Maximum Pell Grant Versus College Costs
"The dark blue line on the chart is the amount in billions of dollars spent on Pell Grants each year. And it’s clear that the large increases in the grant over the past few years have been met with near exponential growth in the overall cost. That reflects not only the higher award, but also a general downturn in family incomes that make more students eligible and also the provision that students can now get multiple awards in a year.
The red and yellow lines are the Pell grant’s buying power—what percent of a sector’s average tuition and fees and room and board are covered by a maximum Pell Grant. And what these lines show should be incredibly frustrating. In exchange for substantial growth in the program costs, Pell’s buying power at nonprofit four-year institutions has stayed at about 15 percent; at public institutions it declined from 39 percent to 35 percent. If you extend the window back to 1990, the picture is even worse–the buying power of the Pell Grant dropped 10 percentage points at public four-year colleges. Maybe the picture would be slightly better if it could take into account multiple Pell awards for a student, but it wouldn’t get back up to the 45 percent level.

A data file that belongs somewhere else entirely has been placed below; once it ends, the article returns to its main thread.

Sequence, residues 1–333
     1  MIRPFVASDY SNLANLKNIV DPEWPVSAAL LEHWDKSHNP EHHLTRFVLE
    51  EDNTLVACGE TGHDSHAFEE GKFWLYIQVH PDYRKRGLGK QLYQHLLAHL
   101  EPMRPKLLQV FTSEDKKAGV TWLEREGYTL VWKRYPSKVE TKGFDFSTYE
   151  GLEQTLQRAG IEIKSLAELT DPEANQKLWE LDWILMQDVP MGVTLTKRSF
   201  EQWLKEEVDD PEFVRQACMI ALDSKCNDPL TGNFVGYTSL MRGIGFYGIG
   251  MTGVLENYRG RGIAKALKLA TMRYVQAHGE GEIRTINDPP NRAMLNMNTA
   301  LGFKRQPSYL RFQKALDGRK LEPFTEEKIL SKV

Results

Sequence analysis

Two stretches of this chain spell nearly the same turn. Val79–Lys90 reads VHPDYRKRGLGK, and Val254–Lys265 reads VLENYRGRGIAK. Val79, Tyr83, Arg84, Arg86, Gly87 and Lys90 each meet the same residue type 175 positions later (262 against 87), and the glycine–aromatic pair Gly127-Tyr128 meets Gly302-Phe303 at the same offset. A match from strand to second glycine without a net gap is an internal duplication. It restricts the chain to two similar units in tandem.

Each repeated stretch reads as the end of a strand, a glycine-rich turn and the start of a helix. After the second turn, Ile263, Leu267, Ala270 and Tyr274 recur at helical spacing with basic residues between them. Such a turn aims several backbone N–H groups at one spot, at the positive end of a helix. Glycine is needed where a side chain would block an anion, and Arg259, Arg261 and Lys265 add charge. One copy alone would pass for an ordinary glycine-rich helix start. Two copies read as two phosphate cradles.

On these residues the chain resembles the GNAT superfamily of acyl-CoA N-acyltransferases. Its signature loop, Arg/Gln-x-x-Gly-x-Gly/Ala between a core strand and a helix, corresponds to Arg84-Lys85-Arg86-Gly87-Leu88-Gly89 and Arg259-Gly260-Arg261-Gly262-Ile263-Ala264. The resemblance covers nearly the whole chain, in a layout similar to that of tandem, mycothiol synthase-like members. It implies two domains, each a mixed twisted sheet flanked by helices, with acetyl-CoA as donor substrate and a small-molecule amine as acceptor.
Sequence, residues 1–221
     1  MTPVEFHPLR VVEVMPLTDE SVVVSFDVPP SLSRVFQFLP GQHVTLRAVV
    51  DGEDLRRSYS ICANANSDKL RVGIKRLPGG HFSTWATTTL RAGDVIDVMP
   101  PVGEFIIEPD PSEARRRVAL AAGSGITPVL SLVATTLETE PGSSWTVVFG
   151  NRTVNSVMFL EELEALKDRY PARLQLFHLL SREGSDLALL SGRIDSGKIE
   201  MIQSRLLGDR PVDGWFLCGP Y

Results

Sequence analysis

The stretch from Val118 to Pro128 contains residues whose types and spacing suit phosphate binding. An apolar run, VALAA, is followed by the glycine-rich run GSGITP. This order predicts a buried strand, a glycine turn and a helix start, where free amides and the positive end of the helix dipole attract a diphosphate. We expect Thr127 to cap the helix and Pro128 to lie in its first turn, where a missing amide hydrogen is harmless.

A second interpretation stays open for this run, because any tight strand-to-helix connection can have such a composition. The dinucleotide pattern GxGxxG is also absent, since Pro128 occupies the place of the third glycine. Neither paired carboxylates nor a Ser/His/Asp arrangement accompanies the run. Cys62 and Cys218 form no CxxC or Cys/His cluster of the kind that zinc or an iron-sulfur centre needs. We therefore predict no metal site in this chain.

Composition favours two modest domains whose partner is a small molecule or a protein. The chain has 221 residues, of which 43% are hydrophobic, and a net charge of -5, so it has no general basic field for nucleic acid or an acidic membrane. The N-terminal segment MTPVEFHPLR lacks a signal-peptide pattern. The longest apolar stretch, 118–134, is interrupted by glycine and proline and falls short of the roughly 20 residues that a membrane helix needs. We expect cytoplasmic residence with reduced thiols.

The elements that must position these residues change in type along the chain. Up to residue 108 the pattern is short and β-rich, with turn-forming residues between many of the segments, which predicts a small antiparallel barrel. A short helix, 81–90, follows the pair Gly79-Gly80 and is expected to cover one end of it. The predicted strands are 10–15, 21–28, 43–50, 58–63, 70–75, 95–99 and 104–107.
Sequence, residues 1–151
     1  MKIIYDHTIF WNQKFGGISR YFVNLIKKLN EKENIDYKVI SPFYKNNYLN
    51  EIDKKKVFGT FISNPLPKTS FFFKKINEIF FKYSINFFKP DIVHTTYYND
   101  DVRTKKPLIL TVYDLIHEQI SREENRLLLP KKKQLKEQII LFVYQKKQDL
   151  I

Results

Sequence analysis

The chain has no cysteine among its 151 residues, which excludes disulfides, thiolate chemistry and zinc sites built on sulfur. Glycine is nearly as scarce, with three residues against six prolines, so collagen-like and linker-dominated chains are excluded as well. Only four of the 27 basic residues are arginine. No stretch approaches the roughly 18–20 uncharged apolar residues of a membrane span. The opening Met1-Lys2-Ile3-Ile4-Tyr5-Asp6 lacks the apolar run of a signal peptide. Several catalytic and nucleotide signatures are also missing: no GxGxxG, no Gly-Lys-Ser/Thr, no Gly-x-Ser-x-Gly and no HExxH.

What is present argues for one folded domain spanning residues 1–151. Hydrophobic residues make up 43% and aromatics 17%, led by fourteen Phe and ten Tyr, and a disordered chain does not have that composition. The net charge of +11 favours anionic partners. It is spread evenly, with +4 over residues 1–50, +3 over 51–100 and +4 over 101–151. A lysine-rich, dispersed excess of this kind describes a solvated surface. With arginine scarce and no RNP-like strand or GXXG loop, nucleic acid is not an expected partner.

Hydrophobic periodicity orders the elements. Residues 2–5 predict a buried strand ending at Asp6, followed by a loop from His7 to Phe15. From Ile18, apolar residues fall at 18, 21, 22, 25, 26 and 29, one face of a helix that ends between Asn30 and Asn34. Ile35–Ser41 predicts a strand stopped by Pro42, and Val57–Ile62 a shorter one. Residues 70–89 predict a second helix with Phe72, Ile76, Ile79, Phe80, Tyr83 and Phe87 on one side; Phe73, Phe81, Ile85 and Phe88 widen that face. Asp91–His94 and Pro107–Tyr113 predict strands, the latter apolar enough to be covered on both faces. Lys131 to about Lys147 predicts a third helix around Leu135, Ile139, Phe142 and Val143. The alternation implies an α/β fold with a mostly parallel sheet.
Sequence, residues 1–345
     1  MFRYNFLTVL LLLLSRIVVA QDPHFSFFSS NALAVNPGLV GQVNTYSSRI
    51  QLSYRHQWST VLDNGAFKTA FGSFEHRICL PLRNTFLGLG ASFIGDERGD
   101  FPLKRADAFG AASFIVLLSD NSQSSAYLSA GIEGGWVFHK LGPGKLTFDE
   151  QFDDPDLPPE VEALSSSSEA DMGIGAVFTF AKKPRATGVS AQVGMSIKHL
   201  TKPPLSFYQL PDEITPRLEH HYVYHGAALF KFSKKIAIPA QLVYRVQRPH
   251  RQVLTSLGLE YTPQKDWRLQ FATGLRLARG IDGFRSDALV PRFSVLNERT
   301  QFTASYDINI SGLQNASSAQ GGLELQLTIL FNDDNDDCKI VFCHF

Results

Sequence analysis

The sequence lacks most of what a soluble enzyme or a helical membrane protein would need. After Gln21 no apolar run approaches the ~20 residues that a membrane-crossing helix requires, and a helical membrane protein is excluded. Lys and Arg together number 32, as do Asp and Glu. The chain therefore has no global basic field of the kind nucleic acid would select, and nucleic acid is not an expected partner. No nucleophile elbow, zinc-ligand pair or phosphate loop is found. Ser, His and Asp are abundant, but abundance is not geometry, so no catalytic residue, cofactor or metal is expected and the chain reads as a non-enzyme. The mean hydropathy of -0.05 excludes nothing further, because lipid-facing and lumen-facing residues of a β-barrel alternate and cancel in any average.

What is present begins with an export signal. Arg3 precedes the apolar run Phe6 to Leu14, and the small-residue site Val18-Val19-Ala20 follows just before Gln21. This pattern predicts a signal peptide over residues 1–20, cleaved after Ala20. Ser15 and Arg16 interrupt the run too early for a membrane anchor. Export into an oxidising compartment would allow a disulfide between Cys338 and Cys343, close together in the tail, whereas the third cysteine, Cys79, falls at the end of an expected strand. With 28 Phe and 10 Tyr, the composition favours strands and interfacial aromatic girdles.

And remember, the growth in that blue line is not sustainable. There’s already concerns about finding enough money to pay for the program at a constant level this year, to say nothing of how annual tuition increases well over the inflation rate will readily eat into the future funding bumps from the student loan legislation passed last spring."